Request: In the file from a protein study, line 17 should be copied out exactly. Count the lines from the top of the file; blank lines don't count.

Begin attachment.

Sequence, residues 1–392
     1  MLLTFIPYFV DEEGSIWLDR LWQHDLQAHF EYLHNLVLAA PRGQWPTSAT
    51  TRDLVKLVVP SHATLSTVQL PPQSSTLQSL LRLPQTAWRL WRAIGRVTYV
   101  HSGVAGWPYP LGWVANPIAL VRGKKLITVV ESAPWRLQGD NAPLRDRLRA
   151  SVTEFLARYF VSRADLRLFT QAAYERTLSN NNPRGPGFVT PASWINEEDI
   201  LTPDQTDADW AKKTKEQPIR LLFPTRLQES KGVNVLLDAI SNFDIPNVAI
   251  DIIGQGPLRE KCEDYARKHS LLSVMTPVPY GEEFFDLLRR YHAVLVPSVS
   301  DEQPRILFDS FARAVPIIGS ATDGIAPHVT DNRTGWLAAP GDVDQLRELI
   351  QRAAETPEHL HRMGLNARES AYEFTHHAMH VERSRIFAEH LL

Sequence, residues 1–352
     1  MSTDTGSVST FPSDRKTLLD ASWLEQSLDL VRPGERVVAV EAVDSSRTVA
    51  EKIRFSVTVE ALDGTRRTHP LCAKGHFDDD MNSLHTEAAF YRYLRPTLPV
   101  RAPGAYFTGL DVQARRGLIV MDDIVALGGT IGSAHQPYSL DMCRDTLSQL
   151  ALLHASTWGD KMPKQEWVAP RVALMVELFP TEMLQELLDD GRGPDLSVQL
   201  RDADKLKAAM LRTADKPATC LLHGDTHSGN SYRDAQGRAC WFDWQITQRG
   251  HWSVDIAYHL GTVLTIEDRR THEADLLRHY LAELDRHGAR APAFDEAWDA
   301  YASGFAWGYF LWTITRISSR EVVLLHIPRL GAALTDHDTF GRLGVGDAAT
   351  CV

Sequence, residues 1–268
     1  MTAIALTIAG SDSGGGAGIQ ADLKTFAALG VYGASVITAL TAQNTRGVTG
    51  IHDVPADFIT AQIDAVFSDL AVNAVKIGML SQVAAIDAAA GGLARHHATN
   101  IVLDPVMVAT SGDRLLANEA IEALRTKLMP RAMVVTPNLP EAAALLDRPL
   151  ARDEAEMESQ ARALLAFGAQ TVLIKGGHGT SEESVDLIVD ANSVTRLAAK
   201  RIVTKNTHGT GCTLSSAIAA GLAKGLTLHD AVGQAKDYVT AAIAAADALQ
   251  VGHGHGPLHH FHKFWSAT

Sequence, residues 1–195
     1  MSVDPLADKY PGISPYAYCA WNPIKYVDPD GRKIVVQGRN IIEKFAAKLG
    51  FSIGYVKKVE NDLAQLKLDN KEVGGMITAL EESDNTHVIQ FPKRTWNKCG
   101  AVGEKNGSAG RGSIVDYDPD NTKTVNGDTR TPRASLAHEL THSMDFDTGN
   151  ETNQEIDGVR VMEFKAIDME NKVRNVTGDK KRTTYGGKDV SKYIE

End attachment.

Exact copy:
   301  YASGFAWGYF LWTITRISSR EVVLLHIPRL GAALTDHDTF GRLGVGDAAT